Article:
A gal I have known since high school shared a story when her family visited Gettysburg and her high school son actually said the words, "This is why I like going on mission trips better than family trips, so I don't have to deal with this stuff." and stormed away from the picnic bench after a particular stimulating growth opportunity (read: Big fight).  Yet, this same young man just a few days later was laughing while playing water polo with seven little cousins.  I like to think God designs our minds with the capacity to remember that which will change us - hopefully for the better.

A little twist on Lincoln in his Gettysburg Address eloquently describes a perfect family vacation motto: The world will little note, nor long remember what we say here, but {we} can never forget what {we} did here.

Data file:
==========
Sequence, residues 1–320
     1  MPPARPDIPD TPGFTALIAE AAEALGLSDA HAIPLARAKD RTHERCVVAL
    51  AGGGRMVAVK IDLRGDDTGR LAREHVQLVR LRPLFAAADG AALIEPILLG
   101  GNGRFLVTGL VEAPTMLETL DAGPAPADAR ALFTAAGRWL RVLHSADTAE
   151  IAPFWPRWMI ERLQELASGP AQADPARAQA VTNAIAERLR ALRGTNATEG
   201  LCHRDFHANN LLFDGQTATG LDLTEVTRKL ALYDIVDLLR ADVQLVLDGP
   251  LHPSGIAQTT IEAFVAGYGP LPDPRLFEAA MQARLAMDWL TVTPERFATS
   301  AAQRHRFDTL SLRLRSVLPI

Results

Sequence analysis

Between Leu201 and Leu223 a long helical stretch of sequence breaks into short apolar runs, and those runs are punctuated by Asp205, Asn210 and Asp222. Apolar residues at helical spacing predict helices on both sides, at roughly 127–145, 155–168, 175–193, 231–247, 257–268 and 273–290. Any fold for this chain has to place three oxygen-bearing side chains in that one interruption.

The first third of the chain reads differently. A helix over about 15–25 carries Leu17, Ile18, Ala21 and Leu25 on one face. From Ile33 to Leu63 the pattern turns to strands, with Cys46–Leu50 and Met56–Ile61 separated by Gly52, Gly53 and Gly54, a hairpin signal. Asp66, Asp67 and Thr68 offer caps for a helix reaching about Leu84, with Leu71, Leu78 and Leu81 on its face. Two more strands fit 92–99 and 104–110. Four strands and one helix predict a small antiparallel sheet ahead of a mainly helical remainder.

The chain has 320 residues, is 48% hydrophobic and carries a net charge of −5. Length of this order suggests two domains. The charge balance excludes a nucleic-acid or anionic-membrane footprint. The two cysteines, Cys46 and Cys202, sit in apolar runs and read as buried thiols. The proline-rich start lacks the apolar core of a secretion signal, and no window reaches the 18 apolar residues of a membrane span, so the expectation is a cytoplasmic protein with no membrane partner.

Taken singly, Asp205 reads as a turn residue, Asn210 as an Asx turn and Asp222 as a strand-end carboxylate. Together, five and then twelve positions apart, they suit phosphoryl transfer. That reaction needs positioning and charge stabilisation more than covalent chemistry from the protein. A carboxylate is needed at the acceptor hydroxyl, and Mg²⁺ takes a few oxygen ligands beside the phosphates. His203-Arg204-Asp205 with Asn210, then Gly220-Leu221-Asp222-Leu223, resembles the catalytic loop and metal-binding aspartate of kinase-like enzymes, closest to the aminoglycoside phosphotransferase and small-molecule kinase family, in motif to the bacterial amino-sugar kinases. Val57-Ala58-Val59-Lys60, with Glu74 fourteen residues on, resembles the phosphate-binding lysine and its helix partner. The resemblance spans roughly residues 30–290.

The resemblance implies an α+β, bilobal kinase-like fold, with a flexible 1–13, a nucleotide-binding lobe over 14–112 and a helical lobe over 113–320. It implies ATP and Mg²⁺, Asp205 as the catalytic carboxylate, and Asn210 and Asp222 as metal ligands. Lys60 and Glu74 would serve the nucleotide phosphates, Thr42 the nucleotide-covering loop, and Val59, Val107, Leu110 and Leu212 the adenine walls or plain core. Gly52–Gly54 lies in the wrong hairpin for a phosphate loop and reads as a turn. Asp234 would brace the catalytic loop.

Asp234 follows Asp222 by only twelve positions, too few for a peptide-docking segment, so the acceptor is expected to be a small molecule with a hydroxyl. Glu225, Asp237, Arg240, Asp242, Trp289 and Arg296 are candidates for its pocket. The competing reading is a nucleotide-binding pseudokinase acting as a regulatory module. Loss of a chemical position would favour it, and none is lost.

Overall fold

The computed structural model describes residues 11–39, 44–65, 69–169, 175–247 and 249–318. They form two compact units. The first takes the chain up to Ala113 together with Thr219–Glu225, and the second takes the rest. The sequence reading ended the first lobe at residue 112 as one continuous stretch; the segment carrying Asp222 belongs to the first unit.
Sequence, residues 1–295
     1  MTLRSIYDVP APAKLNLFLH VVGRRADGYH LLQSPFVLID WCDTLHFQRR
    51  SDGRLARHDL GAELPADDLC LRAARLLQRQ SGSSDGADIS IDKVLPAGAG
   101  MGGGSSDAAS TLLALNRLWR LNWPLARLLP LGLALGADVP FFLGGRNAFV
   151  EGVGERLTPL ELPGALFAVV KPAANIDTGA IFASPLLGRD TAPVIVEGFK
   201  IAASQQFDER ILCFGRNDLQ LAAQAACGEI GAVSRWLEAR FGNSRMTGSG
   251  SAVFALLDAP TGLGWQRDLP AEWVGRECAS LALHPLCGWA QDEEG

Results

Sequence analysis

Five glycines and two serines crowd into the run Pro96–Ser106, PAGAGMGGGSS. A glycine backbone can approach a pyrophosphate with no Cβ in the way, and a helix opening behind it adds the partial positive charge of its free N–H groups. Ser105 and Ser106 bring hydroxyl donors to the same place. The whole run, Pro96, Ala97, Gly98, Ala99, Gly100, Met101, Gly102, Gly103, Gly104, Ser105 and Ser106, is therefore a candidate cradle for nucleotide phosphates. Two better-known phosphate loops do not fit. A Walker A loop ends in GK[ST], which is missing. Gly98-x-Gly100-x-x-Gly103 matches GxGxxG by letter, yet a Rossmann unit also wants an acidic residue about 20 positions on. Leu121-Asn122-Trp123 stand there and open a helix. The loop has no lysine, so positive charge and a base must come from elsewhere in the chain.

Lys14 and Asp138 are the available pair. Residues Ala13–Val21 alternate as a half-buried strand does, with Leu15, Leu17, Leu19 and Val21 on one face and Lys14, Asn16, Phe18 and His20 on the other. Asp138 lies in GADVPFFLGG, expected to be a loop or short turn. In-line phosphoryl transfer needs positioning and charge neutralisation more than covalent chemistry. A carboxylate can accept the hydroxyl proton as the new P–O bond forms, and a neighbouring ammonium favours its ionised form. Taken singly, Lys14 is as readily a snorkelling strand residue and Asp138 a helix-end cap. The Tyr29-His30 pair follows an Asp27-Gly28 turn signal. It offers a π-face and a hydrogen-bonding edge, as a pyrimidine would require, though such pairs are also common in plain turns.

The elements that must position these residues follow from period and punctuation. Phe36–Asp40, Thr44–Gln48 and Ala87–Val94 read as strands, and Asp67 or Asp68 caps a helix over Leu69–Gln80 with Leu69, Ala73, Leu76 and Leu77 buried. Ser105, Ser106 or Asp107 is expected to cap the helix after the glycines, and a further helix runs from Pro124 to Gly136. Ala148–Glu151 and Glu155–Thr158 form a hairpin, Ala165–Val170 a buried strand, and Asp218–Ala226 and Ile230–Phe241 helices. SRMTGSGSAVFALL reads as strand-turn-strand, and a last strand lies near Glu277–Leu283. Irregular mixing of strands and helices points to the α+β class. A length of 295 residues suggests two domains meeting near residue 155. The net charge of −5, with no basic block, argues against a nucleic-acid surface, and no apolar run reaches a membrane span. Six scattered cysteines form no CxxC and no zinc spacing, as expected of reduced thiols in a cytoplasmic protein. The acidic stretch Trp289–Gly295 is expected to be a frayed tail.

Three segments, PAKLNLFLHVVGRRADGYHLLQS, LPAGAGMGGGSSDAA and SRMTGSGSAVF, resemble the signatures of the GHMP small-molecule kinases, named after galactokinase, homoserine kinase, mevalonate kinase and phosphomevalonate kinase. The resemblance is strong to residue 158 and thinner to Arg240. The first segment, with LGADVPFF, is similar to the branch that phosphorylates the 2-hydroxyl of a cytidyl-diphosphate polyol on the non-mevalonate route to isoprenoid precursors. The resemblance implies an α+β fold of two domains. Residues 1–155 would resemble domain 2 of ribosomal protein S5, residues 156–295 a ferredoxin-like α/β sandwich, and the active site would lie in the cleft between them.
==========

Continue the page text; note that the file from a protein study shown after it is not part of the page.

So behind these smiles, is hope.  A hope that these kids will stick up for each other, call each other for their birthdays, ask each other to stand up in their weddings. And, as Chesterton said, hope  is the power of being cheerful in circumstances we know to be desperate. Lincoln had that hope.  I have that hope.  And I pray that my children will have that hope.

Because let's face it, we know our kids will face much more desperate times as they get older, but at the age of seven, it seems pretty desperate if your mama will not buy you a taser at the Old Post Office Gift Shop. 

Now, your turn:

What are some vacation moments that you still remember from your childhood??